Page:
Tuesday, June 29, 2010

Descending Into Pot-Healer

After a short road trip with the band to SoCal, I'm back at my copy of Galactic Pot-Healer. In fact I'm only 30 pages from the end. I was a little overwhelmed thinking about how I would write about this book. It's kinda 'floopy' -- sort of elastic and weird. Critically speaking, it's a slippery critter to cage.

Luckily, today in the mail I received (no not an invitation to raise an ancient and mysterious cathedral on a distant planet) but rather a sample copy of Rickels's I Think I Am: Philip K Dick which features a whole chapter on GPH. It may take me some time to digest it, but it looks to be good stuff. And perhaps he will help me corral these elusive thematics.

I'd also like to point to Mr Hand's comments for the previous post. He got me thinking about how the Mare Nostrum represents more than just the Freudian or Jungian unconscious, but rather seems to represent a field of experience outside our normal reality. In the dark ocean all things seem to conform to an opaque and unknowable logic. All the elements related to the Glimmung and Plowman's planet, the sacred books, the shards of pottery with pictographs, the messages from the Glimmung, ring with an air of certainty, but unfortunately, they are almost instantaneously contradicted by some other equally certain divine proclamation.

Joe Fernwright, by leaving his mundane life, is forced to operate in this state of extreme uncertainty. What he substitutes for routine is an unceasing questioning of the Universe and his own place in it. He confronts death, in the form of his own rotting, submerged, and of course talking corpse. He confronts both the Glimmung and the anti-Glimmung; this opposition suggests that one of the entities is good and the other is evil, which in turn may suggest that these are only these two spiritual forces which permeate the Universe.

What's important is that every effort Joe makes to understand what is happening around him fails, and I think all efforts to understand this unknowable field of experience are doomed to fail.

I'm also struck by how GPH reads as prescient autobiography for PKD who can be seen as our lunch-pail hero, called by the Pink Light in 1974 to a higher purpose, asked to make sense of the nonsensical. Horselover Fat, often in VALIS, interprets his 'mystical experiences' as a call to action, and yet what I suspect we will learn when a larger culling of the Exegesis is finally available is that all of Dick's visions, all of these calls to action, were unresolvable, an insistent prodding towards some act of unification, by which what is fragmented will be made whole. Think Sisyphus, but instead of a obeying a punishment for some crime, the guy pushes the rock up the hill because obscure signs (of divine origin??) on the side of the path suggest it's the right thing to do. You'd certainly read the signs differently the second time up the hill wouldn't you?


Mr. Hand said...

I'm with you on the "prescient autobiography" thing. Couldn't have put it better myself. One of the interesting things that PKD does in the letters and exegesis is to go back and retroactively read his pre-VALIS experience novels in the light of his theories, looking for coded information or allegories he wouldn't have known he was writing at the time, or retconning his own work. As a longtime follower of the biography and experiences as well as the novels, I've enjoyed the game of reading the novels both in terms of how they stand on their own, and how they can be esoterically read in light of this problematic project of discovering "the theology of PKD" or at least some kind of pragmatic material for jokes about doing one's own mystical project. GPH is certainly one of the most obvious, and perhaps one of his best novels about the existential angst experienced by somebody who questions an ambiguous divine call. Maybe in this light comparison to Kierkegaard (who's often better than referencing Kafka or Borges when treating elements of Dick's Serious Literary Style) is apt here. It's not the weirdness of the divine call that's at issue, although it provides some of the special effects and delightful images. Rather it's the way the GPH thinks and feels about his new boss experience that matters. The insight this provides as a psychological novel is immediately recognizable to anybody what's had weird "contact" experiences of their own. In that regard GPH is a great PKD novel for talking about with other contactees, marin county new agers, aficionados of mindfuck religious experience, psychedelic heads, or what have you. The meaning of the novel is to be found in what all the weirdos who love it recognize in the strange mirror of the murky depths of that post-Jungian underwater cathedral.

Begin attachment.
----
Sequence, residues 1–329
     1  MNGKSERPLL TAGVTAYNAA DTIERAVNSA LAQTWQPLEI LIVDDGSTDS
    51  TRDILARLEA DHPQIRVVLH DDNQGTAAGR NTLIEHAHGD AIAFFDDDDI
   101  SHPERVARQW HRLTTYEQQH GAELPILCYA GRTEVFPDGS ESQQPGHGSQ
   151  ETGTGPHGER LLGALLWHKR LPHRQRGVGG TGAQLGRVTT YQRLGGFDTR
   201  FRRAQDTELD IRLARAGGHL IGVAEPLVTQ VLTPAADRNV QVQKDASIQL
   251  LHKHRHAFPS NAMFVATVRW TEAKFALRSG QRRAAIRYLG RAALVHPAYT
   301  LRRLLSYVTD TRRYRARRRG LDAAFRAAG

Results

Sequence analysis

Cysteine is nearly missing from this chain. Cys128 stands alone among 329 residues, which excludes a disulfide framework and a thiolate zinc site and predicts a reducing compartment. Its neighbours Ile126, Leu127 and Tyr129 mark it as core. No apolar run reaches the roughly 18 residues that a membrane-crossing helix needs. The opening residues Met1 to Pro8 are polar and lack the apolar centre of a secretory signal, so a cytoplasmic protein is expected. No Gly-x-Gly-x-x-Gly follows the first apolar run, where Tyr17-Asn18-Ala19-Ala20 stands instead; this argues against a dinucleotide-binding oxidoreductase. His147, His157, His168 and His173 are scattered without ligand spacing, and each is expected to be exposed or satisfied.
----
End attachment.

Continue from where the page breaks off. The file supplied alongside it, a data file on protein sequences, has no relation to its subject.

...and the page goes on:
goodbyeghostship said...

I just wrote a huge comment and now I fear it may be lost as when I clicked "publish" after entering my sign-in details, I got a 404 error. :(

I will come back a later stage if my comment hasn't been posted to try to remember it, but for now I am too annoyed.

robin said...

"Think Sisyphus, but instead of a obeying a punishment for some crime, the guy pushes the rock up the hill because obscure signs (of divine origin??) on the side of the path suggest it's the right thing to do. You'd certainly read the signs differently the second time up the hill wouldn't you?"

In the PKD universe there is no Sisyphus, but there is Wilbur Mercer. He walks endlessly up a hill in a wasteland, pelted by rocks from unknown assailants. This is not a part in a tragedy but rather a recognition of the human condition and an invitation to empathy.

Ragle Gumm said...

Robin, I use exactly that analogy when I teach DADOES?

But I disagree; in the PKD universe we are ALL Sisyphus!